3. Adding 1 to 2 oz. saflufenacil (Sharpen®, Group 14) or 2 to 6 oz. of metribuzin (Group 5) to your burndown if you plan to continue using glyphosate.

Please note, Gramoxone, UAN, and metribuzin all have a tremendous “synergy” in the tank, meaning they work together well and enhance overall effectiveness of a burndown ahead of soybeans. Gramoxone, UAN and atrazine have the same synergy when applied ahead of corn. Increase the UAN rate and add some ammonium thiosulfate and you will have a nice burndown that will control resistant marestail and give you a pre-plant nitrogen starter ahead of corn or soybeans.

  1. If using glyphosate, increase the active ingredient rate to 1.12 lb./A. to control larger, non-resistant weeds or perennial grasses.
  2. When using 2,4-D, use the “ester” formulation as it is more effective in cooler weather.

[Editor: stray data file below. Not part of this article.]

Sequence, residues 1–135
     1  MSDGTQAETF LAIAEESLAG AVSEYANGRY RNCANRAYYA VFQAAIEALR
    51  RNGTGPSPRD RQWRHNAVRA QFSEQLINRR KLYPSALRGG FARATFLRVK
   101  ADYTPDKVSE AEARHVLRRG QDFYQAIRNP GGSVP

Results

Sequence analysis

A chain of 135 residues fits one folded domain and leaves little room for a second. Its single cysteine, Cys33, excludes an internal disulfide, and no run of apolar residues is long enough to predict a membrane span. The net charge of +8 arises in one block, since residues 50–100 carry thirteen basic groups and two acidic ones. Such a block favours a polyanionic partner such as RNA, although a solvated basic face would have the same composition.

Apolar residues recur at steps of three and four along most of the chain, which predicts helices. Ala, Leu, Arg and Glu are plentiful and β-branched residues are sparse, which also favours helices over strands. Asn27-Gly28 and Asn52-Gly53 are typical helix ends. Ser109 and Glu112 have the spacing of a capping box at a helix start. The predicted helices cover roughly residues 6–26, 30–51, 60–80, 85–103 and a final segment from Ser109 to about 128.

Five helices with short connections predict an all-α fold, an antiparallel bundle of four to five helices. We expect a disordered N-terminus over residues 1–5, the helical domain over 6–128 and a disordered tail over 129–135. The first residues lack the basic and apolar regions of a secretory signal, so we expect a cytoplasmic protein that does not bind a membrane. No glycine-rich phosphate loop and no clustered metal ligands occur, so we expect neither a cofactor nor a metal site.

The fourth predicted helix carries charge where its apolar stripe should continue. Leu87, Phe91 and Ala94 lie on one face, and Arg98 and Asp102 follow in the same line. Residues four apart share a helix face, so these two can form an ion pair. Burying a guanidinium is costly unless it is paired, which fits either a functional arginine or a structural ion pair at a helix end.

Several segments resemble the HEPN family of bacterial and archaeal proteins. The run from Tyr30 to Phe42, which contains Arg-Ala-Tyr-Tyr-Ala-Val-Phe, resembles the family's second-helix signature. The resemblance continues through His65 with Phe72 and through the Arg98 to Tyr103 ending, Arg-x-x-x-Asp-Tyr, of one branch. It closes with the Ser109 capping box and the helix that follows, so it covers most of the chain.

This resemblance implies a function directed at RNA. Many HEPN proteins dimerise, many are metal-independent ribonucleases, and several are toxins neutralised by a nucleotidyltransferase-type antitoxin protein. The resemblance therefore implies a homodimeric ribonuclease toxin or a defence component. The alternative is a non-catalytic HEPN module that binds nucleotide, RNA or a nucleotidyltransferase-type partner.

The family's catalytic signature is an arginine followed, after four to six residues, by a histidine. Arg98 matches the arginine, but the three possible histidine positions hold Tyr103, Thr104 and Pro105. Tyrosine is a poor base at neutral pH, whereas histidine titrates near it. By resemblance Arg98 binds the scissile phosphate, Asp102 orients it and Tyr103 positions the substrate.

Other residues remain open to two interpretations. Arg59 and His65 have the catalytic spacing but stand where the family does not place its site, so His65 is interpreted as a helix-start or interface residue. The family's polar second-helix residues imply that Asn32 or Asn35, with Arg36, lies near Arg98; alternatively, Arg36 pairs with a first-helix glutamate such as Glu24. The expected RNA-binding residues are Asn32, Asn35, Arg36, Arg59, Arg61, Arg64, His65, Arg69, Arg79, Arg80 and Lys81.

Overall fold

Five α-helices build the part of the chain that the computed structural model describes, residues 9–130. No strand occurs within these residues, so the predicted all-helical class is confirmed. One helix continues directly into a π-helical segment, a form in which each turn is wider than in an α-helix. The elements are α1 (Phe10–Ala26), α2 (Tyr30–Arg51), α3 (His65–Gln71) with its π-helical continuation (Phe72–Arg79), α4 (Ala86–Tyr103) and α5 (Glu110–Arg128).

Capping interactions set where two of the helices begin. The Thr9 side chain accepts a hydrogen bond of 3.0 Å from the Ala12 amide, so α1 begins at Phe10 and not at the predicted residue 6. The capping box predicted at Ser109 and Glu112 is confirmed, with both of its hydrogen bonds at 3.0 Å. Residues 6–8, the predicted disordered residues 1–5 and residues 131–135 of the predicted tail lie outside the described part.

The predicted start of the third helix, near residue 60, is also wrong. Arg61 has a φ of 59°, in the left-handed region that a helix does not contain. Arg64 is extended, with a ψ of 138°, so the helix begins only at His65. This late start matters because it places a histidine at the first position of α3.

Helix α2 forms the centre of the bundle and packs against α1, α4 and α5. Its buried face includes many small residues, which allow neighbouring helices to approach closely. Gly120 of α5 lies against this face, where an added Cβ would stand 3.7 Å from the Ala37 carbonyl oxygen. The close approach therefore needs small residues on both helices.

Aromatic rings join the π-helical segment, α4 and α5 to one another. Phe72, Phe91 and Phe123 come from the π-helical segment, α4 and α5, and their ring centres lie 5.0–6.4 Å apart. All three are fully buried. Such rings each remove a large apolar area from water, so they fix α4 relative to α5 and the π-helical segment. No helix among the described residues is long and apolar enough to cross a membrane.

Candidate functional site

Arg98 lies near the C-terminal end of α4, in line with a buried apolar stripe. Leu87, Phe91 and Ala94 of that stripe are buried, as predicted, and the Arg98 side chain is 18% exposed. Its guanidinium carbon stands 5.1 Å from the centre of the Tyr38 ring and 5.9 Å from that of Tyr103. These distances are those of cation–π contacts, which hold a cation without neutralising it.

1. There is a seven-day, pre-plant interval to plant soybeans.
    2. If planting corn, make sure your corn is planted at least 2 in. deep and do not apply 2,4-D over an open planter slot.
    3. For dicamba-tolerant soybeans, the supplemental federal label allows application of dicamba, an alternative plant growth regulator to 2,4-D, in your burndown up to planting with no planting interval restriction.
  3. Add a pre-emergent residual chemistry to your burndown and “bridge” to another residual with your early, post-emergent application.
    1. My recommended approach for corn: